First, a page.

For a while now, the Playstation Vita was the console for me. Not only it’s almost as powerful as a Playstation 3, but it has a lot of good Japanese role playing games. It also sold well in Japan.
Now, there is another contender. You guessed it! It’s the Nintendo Switch.
Outside the Nintendo 3DS, Nintendo haven’t been doing so well. The Wii U is a big flop due to lack of third party support. Also, the name makes people believe that the Wii U is merely an accessory for the Wii console.
However, Nintendo finally realized their mistakes of region locking their consoles among other things. Nintendo decided to combine the home console and portable console into a hybrid console with the Nintendo Switch. This is not surprising since in Japan, portable consoles reign supreme with Playstation Vita and 3DS sales outselling the Playstation 4.
The Switch allows you to take your games anywhere since it’s a portable and a home console. When you at home, you simply put it in the dock and take the Joycon out of the system. When you want it portable, you take it out of the dock and slide the Joycons back. This means that you can take your full console experiences anywhere. This is big, especially if one travels a lot since hotel TVs might not allow HDMI input. This means you don’t have to rely on a low-latency capture card to play games on a Switch. You can simply use the built-in screen.
Compared to the Vita, you do not need to mod your console to capture gameplay. You can simply use any capture card, like the Elgato Cam Link which I now use. There are also portable dock adapters that allow you to output video to a television without using the included dock.
As for the graphics, it’s definitely more powerful than a Playstation Vita. In comparison to a Playstation 4 and Xbox One, it’s still less powerful. This time, Nintendo decided to use a nVidia system on a chip for the Switch. It features graphics from nVidia’s Maxwell architecture. This architecture is used in popular video cards like the Geforce GTX 970.
To me, the graphics looks very good despite being less powerful. I have played a few hours of Yoru no Nai Kuni 2 and the graphics looks better than the Vita version. Of course, with Switch ports, it will always look better than the Vita port. On the other hand, it won’t have the extra eye-candy seen in the Playstation 4 versions. Still, it’s impressive given how much graphics power put into a small package. Obviously, they can’t put a GTX 1080 GPU in it. Still, I think games will run good thanks to the optimizations made in software.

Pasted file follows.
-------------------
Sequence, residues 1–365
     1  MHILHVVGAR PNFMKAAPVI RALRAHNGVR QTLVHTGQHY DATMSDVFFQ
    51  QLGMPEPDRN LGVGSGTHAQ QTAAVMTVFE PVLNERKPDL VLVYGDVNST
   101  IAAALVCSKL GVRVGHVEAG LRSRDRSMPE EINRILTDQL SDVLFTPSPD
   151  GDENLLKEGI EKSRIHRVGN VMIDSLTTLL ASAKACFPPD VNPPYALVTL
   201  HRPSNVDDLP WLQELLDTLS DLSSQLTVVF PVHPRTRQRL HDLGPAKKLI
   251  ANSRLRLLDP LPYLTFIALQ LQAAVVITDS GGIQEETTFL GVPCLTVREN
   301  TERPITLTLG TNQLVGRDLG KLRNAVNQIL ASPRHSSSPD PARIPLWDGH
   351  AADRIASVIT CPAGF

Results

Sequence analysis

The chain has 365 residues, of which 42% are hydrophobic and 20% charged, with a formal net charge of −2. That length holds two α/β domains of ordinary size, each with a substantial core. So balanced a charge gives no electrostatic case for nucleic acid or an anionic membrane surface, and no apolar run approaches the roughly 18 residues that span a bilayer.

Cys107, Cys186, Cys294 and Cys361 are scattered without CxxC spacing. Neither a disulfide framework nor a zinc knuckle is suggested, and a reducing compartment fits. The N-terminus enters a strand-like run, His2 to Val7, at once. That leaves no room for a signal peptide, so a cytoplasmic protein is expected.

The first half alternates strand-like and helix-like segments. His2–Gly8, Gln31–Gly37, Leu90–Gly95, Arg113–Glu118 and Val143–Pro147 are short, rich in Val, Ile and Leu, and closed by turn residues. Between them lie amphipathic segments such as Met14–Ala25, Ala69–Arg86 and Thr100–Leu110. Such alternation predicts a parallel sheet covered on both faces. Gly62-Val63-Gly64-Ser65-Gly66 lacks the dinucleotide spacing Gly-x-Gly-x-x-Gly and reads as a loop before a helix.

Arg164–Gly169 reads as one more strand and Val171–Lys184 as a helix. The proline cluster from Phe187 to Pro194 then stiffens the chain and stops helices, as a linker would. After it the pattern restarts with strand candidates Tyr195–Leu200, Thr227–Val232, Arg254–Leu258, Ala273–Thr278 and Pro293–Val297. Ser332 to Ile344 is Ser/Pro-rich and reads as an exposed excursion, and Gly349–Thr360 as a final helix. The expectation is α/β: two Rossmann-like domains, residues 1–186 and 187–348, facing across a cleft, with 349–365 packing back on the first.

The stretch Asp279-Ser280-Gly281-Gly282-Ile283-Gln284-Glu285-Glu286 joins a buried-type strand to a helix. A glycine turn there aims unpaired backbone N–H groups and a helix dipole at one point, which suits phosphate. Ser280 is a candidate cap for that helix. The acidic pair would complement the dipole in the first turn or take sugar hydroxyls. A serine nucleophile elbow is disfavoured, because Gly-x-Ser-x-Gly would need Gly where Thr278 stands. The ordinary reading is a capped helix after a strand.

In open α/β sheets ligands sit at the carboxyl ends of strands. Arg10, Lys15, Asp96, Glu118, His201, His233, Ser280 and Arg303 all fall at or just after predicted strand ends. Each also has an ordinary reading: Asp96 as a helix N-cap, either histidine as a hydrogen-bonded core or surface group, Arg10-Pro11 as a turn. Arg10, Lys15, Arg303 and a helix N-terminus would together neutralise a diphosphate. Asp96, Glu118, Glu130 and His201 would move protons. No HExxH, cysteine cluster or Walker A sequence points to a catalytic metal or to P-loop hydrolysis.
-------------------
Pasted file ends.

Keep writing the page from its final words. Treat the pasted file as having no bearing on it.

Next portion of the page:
As for the controllers, I think they are good. It’s nice how you can take them out and put them into a controller holder that comes bundled. While the controller using the Joycon holder isn’t as good compared to a traditional one, you can also buy a Pro controller if that is your thing. Still, it’s somewhat disappointing that they do not bundle the Joycon holder that have a charger, but instead sell it separately. So, if you use the holder, you will eventually have to put them back on the Switch to charge them.
While there is a lot of good things about the Switch, there are some flaws. Unlike the Playstation Vita, there is no streaming capabilities, web browser or even video playback. This may change in the future as the console matures. Also, the console has limited storage with only 32 GB of internal memory. It’s a far cry to the Playstation 4 and Xbox One with hard drives. Thankfully, the Switch uses standard micro SD cards so you don’t have to buy proprietary memory cards like on the Vita. While the kickstand is a nice feature, it’s not as good compared to the one on a Surface Pro. This means that you can prop the Switch up only on a flat surface.
Regardless of the flaws, there is a good thing many people are waiting for. Yes, there is no region lock, which is one of my gripes with Nintendo consoles. In the past, there were games that are only available in Japan on the 3DS. To play these games, you must buy a Japanese Nintendo 3DS. Of course, none of the games from other regions will work on it.
However, with the Switch, you can import games from any region and they will still play. Not only that, you can create and use Nintendo accounts from other regions. In addition, you can buy games from the eShop as well. In most cases, you can simply buy credit using the credit card without going through a third-party service. I have bought credit on a Japanese 3DS in the past and I had no problem.
In short, I think the Nintendo Switch will become a worthy successor of the Playstation Vita. It’s not surprising since it’s selling out and even beating Wii U sales. So far, the Switch gained a lot of third-party support, even from triple-A developers. Hopefully, we will see more Japanese video game companies will jump on the Switch.